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Three people in New York City get West Nile, a mosquito-borne virus


Alina Prikhodko

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Three cases of West Nile virus have been reported in New York. Three people have tested positive for the virus, reports NBC New York.

On Wednesday, August 23, city officials said that two people from Queens and one resident of Manhattan were found to have a disease that is spread by mosquitoes. All three patients were forced to go to the hospital, two of them have already been discharged. In addition, a fourth possible Staten Island case is under investigation.

“We are working to prevent the spread of West Nile virus as much as possible through community education, wetland treatment and mosquito spraying,” said Health Commissioner Dr. Ashwin Wasan.

New Yorkers can take some simple precautions to reduce their risk. For example, use EPA-registered insect repellents, especially outdoors at dusk and dawn, when mosquito species that transmit West Nile virus are most active. You can also prevent mosquitoes from laying their eggs in the water by cleaning open containers that store water, or by calling 311 if you see standing water that cannot be disposed of.

Mosquitoes infected with West Nile virus usually appear in the city from May to October, and their peak activity occurs in August and September. The virus was first detected in the city more than two decades ago, and on average just over a dozen people are diagnosed with it a year.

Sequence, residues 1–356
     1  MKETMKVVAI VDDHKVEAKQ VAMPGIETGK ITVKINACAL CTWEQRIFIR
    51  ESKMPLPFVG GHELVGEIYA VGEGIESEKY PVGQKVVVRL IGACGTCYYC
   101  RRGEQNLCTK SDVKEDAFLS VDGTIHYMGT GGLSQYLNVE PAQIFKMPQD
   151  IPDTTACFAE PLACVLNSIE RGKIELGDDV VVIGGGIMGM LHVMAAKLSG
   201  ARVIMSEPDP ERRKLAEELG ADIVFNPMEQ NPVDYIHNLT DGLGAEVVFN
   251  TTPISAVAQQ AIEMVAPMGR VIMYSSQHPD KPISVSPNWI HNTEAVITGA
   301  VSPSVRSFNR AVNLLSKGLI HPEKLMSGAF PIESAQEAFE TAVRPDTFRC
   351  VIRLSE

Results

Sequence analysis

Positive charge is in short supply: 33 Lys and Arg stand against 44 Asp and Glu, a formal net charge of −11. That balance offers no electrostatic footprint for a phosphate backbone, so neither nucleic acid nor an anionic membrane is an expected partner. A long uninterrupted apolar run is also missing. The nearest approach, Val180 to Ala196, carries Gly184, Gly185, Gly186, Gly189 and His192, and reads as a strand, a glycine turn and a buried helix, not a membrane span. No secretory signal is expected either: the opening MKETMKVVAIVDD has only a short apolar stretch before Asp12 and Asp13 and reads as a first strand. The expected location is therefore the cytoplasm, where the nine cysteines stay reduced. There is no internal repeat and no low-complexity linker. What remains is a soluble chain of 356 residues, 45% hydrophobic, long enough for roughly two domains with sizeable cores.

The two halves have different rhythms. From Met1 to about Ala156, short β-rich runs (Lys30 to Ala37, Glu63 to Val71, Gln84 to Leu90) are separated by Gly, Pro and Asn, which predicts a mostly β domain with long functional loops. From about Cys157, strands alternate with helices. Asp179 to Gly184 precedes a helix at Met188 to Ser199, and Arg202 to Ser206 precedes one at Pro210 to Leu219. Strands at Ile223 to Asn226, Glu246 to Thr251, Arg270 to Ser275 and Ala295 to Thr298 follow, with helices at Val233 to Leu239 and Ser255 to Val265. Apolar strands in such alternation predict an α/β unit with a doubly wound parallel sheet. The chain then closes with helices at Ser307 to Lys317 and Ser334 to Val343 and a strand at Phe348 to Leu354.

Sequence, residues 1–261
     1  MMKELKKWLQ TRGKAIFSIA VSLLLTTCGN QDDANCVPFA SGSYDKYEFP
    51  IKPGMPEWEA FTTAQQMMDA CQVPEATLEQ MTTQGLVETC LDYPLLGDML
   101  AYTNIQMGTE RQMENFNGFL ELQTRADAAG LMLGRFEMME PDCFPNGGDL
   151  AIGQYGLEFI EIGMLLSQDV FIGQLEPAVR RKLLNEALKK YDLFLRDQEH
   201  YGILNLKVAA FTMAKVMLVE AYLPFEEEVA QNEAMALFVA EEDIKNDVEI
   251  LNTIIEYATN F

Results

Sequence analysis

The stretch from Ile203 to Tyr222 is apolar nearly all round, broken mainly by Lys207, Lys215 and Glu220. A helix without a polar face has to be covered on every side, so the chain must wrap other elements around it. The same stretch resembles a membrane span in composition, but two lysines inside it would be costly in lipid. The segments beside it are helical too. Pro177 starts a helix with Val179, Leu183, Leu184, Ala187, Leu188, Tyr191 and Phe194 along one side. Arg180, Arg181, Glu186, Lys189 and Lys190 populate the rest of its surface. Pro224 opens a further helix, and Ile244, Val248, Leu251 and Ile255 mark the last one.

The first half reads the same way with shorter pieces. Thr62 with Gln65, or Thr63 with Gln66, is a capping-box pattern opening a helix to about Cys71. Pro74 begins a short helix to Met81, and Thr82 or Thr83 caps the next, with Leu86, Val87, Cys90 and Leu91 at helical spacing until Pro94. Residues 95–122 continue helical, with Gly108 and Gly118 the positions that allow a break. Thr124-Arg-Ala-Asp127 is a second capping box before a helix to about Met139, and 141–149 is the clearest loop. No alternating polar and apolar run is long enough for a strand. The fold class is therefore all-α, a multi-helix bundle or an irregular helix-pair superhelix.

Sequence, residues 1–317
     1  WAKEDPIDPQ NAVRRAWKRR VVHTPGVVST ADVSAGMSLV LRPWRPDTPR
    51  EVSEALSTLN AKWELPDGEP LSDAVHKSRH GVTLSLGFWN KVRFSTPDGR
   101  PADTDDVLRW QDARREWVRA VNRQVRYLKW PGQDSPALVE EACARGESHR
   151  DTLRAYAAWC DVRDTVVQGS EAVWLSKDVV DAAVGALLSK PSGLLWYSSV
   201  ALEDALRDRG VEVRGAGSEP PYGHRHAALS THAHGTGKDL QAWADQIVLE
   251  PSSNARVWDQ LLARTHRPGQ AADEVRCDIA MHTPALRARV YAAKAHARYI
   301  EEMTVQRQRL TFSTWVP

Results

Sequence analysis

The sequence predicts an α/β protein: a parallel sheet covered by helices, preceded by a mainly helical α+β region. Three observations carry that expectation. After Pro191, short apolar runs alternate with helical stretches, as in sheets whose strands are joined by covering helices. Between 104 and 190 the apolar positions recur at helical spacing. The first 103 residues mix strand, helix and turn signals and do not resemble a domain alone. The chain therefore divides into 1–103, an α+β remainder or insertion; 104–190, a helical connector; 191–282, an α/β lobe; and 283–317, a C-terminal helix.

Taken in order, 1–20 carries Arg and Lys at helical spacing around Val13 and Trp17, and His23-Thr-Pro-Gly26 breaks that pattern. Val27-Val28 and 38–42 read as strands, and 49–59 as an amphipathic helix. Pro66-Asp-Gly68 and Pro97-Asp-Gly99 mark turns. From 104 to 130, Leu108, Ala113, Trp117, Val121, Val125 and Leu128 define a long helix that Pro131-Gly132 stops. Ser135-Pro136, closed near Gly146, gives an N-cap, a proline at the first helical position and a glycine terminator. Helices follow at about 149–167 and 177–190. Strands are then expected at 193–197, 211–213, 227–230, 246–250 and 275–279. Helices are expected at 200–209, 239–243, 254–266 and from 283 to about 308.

In late July, a woman in Connecticut was diagnosed with West Nile virus, the first known case in that state in 2023. According to city officials, 569 mosquitoes have already been found in the city's five boroughs that have tested positive for West Nile virus, while in 2022 there were more than 1000.

West Nile virus symptoms

According to the city's Department of Health and Mental Hygiene, most people infected with West Nile virus do not show any symptoms. Typical symptoms may include:

  • headache,
  • muscle pain,
  • rash,
  • severe tiredness.

Most people who become infected make a full recovery, although some may experience problems months after infection. A small number of people (about 1 in 150), especially those over the age of 60 or those with weakened immune systems, can develop a serious or even potentially fatal disease of the brain and spinal cord. This disease is called neuroinvasive West Nile disease, and it can lead to changes in mental status, as well as muscle weakness, requiring hospitalization.

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